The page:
Other than the obvious nutritional benefits of the added fibre and essential vitamins and minerals, it is the polyphenols, (which are a subgroup of phytonutrients of plants) that have really caught researchers’ and food manufacturers’ attention in recent years. There are over 8000 different polyphenols that have been identified and it is their antioxidant properties that are believed to assist in the prevention and treatment of diseases associated with oxidative stress such as cancer and cardiovascular disease.
Antioxidants basically work like mops in our body and help to neutralise free radicals, thereby protecting cells from free radical damage. When there is not enough protection from free radicals, normal cell function is compromised, which can lead to tissue degradation and increase the risks of developing chronic diseases like cancer, Alzheimer’s disease, cardiovascular disease and so on (Scalbert et. al, 2005).
As secondary metabolites of plants, polyphenols are generally involved in defence against ultraviolet radiation or deterrence of pathogens and may contribute to the bitterness, astringency, colour, flavour or oxidative stability of a plant. Of particular interest are a group of phytochemicals called phytoalexins that protect plants against insects, fungal attacks and UV damage (Tan et al, 2007).These particular compounds also support the destruction and elimination of damaged cells, before they have time to accumulate and make us sick.
Usually normal healthy cells stop dividing at the end of a natural life cycle and die, whereas those that are exposed to excessive free radical damage can start to replicate at abnormal rates, leading to abnormal cell growth that defies this natural cell cycle. Research indicates that these bitter phenolic compounds are used in natural cell cycle regulation through their ability to achieve apoptosis or cell death of abnormal cells (both cancer and pre cancer cells) whilst having no impact on normal healthy cells. This is believed to be due to their affinity for cells that contain a specific enzyme called CYP1B1 found only inside abnormal cells. When phytoalexins enter a cell containing CYP1B1, a process of molecular activation of the occurs, which ultimately results in the abnormal cell ceasing to grow or die. Therefore, this relationship between these bitter compounds and CYP1B1 results in a highly targeted, dietary rescue mechanism for killing cancer cells (Potter and Burke, 2006). This fascinating understanding may be the basis for our evolutionary defence against cancer development.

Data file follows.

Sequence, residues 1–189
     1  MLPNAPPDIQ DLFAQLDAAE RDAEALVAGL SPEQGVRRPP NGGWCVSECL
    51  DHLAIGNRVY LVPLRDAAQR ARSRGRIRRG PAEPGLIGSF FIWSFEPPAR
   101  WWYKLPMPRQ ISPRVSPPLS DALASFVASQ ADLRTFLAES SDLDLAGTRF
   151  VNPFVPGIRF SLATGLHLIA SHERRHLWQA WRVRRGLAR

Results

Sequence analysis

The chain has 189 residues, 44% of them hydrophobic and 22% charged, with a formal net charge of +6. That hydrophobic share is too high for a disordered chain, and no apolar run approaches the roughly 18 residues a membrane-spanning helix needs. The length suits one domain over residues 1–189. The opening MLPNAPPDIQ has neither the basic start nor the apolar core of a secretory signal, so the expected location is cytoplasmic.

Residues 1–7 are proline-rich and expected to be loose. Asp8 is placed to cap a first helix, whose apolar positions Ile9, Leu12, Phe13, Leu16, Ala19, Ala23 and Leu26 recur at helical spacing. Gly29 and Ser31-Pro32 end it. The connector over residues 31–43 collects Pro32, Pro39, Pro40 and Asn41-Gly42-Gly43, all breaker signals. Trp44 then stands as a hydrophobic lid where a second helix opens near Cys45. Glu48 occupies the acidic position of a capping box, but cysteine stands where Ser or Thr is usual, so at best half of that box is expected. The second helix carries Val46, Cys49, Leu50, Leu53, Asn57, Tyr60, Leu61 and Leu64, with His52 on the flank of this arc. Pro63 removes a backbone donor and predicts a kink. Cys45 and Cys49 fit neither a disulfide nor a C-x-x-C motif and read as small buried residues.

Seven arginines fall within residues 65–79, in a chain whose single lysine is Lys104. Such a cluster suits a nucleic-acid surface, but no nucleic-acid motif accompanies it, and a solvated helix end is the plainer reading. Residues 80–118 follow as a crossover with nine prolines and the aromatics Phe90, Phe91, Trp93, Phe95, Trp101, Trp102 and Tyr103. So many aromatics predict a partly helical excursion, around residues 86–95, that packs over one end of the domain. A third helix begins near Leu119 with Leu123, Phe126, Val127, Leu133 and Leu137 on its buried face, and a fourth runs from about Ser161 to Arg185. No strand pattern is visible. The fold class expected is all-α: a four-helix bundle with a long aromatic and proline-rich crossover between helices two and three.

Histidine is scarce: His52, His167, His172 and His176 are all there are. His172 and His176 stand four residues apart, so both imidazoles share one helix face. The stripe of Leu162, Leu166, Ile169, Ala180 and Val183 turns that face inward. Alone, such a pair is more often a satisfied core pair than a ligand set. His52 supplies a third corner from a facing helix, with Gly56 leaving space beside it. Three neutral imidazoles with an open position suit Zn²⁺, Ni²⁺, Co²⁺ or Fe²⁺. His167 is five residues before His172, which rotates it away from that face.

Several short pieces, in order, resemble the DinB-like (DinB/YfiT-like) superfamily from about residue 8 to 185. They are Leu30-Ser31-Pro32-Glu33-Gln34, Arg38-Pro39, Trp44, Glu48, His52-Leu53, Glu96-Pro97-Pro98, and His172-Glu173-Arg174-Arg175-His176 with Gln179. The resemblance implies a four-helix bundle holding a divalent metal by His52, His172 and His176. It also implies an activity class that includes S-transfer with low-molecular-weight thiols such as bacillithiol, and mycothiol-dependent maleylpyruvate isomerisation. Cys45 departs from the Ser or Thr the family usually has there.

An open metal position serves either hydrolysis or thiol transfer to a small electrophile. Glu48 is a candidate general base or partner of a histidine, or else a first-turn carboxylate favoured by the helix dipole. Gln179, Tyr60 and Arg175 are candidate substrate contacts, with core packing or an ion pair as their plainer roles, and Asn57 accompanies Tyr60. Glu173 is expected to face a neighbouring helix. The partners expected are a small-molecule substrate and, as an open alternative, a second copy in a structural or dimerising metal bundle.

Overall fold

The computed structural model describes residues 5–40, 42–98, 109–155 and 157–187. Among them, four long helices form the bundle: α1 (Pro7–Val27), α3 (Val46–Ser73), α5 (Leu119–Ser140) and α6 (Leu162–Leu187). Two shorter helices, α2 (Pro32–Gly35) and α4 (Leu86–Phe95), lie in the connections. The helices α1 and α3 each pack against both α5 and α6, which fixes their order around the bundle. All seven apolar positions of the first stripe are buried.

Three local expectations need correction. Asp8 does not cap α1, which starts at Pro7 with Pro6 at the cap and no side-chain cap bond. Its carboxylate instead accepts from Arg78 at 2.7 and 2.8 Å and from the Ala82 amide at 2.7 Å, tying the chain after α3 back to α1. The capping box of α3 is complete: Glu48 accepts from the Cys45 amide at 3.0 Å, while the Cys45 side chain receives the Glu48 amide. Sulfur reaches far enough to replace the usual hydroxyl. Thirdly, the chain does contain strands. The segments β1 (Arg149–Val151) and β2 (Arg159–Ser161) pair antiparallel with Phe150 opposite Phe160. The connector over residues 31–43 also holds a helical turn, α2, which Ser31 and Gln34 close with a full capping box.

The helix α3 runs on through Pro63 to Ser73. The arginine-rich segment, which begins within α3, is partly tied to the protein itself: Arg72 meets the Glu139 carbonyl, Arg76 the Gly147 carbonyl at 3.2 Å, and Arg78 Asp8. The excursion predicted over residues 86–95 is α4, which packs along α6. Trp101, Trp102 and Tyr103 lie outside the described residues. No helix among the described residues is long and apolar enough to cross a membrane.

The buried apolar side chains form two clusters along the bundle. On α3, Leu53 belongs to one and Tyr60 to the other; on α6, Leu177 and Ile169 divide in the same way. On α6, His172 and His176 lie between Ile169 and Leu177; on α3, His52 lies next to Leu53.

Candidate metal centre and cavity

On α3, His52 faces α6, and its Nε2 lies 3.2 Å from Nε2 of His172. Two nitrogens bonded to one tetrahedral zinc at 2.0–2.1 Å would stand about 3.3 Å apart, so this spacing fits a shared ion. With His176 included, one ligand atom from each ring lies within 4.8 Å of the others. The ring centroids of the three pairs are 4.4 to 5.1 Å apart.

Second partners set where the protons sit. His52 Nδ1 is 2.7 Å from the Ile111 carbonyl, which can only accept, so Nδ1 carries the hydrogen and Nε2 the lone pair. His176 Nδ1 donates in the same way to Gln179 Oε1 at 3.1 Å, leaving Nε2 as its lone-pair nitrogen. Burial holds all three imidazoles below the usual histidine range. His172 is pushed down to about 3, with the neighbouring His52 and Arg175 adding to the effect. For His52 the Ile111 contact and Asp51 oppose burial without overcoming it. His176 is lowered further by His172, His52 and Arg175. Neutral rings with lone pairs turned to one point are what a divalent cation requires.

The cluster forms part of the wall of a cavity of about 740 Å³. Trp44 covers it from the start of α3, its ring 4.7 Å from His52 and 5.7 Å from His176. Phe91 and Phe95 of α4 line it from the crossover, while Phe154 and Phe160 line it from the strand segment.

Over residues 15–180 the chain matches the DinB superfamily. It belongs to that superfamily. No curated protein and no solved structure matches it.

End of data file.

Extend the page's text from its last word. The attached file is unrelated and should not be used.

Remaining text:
Phytoalexins are found in abundance in the outer layers and skins of fruit and vegetables and are what gives fresh produce their bitter taste. Unfortunately due to a range of factors including modern farming methods, pesticide spraying, genetic modification, food processing and preparation as well as environmental conditions, it is estimated that despite our efforts to eat plenty of fresh fruit and vegetables, we are consuming very little of these bitter compounds compared to that would have occurred in our diet 100 years ago (Tan et al, 2007).
Explanations for why our diets have become so deficient in these health-promoting natural bitter polyphenols include:
Modern Farming Methods: As these bitter compounds are our plants natural pesticides, commercial farming methods including pesticide spraying has led to a gradual decrease in the levels of these natural pesticide fighting compounds in our fruit and vegetables. This is why organic produce is far superior in nutritional quality than regular fruit and vegetables in our food supply.
Modern Crop Varieties: Human preferences has resulted in the selection of sweeter tasting plants over time that produce fewer of these bitter compounds over the more traditional bitter varieties that would be far richer in these natural compounds.
Harvesting: Crops are usually harvested before they have had time to ripen on the plant, effectively reducing their nutritional value, including the levels of these bitter compounds. Transportation and cold storage of produce negatively affects polyphenol levels in fruit and vegetables.
Food Processing and Preparation: Often the skin, pith and roots are discarded in modern day food preparation, which often contain the highest levels of these polyphenols. In addition to this, many of these compounds are water-soluble and leach out during cooking processes.
Insufficient intake: Most Australians simply do not eat enough fruit and vegetables. In fact, recent health survey statistics have shown that less than 6% of Australians consume sufficient serves of fruit and vegetables on a daily basis (AIHW, 2012).
Evidently, it is now very difficult in today’s society to consume enough of these life-saving bitter compounds through diet alone. This has led to comprehensive research in the area and the development of a range of supplements that are essentially concentrated versions of these compounds to help supplement our nutrient poor diets.
For more information on polyphenols and how to improve your overall health and nutrition please speak to your QIM health professional.
Scalbert, C. Manach, C. Morand, C. Remesy, L. Jimenez. 2005. Dietary Polyphenols and the prevention of diseases. Critical Review Food Science & Nutrition 45(4):287-306. DOI: 1080/1040869059096
A. Potter, M.D. Burke. 2006. Salvestrols–Natural Products with Tumour Selective Activity. Journal of Orthomolecular Medicine. 21(1): 34-36. http://orthomolecular.org/library/jom/2006/pdf/2006-v21n01-p34.pdf
L. Tan, P. C. Butler, D. Burke, G. A. Potter. 2007. Salvestrols: A New Perspective in Nutritional Research. Journal of Orthomolecular Medicine 22(1): 39-47. http://www.orthomolecular.org/library/jom/2007/pdf/2007-v22n01-p039.pdf
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